60 terms


Perfect Competition
The decisions of individual buyers and sellers have no effect on prices. The firm is a price maker. An Industry where many small firms produce a nearly identical product.
Perfectly Elastic
The demand curve for a perfectly competitive market is a horizontal line.
Unitary Elastic
A price change leads to no change in the demand for the product
Perfectly Inelastic
When the price changes and there is no change in demand
Elasticity of Demand
Responsiveness of demand to a change in a product price
Elastic Demand
A one percent change in price leads to a greater than one percent change in demand. In elastic demand, when price is reduced, total revenues rise. The larger the number of substitutes, the greater the elasticity.
Inelastic Demand
A one percent change in price leads to a less than one percent change in demand.
Total coST
is fixed cost plus variable cost.
Fixed Costs
are costs that must be paid whether or not a product is produced; loans, capital equipment, utilities, salaries of seniot management and staff. Also called operating costs. *Fixed costs do not vary with output*
Variable costs
vary with changes in inputs. In the long run all costs are variable costs.
Total Revenue
Quantity times price (Q x P)
Marginal Product
Producing one more unit. The change in total production associated with producing one more unit.
Marginal Cost
The increase in total costs prom producing one more unit.
are the difference between total cost and price. They are the rewards for innovation and risk taking by true entrepreneurs. are a signal to producers that they are meeting consumers needs*
Short-Run Breakeven (TR=TC)
The point at which a firm earns normal or accounting profits. *When total revenues equal total costs there are accounting profits only*
Economic Profits
MR=MC: Mariginal Revenue at its highest, marginal cost at its lowest. TR minus implicit costs. A profit in excess of accounting profits is called accounting profits. Economic Profits are above accounting profits and include accounting profits.* It is possible for a single firm to make economic profits while the industry cannot. *** IF MR and MC come together above the average total cost curve, pure economic profits are maximized.
Profit Maximization --(MR=MC)
Marginal revenues are at highest point, marginal costs at lowest point. All firms seek to maximize profits. A profit maximizing firm will choose the technology that minimizes cost. In a competitive market, all firms seek to maximize profits.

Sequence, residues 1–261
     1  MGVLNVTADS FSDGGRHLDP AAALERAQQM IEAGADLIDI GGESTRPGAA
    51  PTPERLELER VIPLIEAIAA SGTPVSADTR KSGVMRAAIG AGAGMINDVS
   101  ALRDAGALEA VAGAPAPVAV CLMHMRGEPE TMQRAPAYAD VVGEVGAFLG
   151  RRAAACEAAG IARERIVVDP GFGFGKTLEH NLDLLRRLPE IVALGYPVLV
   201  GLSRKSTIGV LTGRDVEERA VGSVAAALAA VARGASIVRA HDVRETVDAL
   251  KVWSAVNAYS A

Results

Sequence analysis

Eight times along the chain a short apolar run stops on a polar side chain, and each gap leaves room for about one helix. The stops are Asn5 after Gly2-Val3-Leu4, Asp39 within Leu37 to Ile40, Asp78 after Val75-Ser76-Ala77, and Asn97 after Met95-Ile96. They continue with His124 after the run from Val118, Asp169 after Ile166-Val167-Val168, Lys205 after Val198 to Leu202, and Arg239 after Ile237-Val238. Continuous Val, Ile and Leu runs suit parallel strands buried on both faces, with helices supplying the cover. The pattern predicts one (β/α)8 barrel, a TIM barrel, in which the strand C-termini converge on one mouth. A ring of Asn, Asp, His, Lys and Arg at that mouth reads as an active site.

Least combination of resources
All firms seek to maximize profits by using the combination of labor and technology that minimizes costs.
Revenue Maximization (TR>TC)
break even occurs at the long run, second breakeven; accounting profits occur both at the short-run and the long run breakeven.
Marginal Revenue
Increase in Total Revenues from adding one more unit of a product
Functions of price
Price organizes the market, rations scarce goods, steers resources to their most efficient or profitable use.
Economies of scale
Implies that as one unit of input is added, output increases by more than one unit. Increased production leads to a lower average costs per unit. *are a result of increased specialization.
Dis-Economies of Scale
are a result of problems with coordination and communication in large firms and poor management. Increase in inputs leads to higher unit per cost. One unit in, less than one unit out.
Constant Return to Scale
One unit IN, one unit OUT. If input doubles, output doubles.
Natural Monopoly
A monopoly that can take advantage of decreasing average costs. Where a single firm can produce all of the industrys output at a lower per-unit cost than other firms.
Monopoly & Monopolist
The supplier of a good or service for which there is no close substitue. In a monopoly prices tend to be inelastic. A monopolist does not always earn a profit.
Government Barriers And Monopoly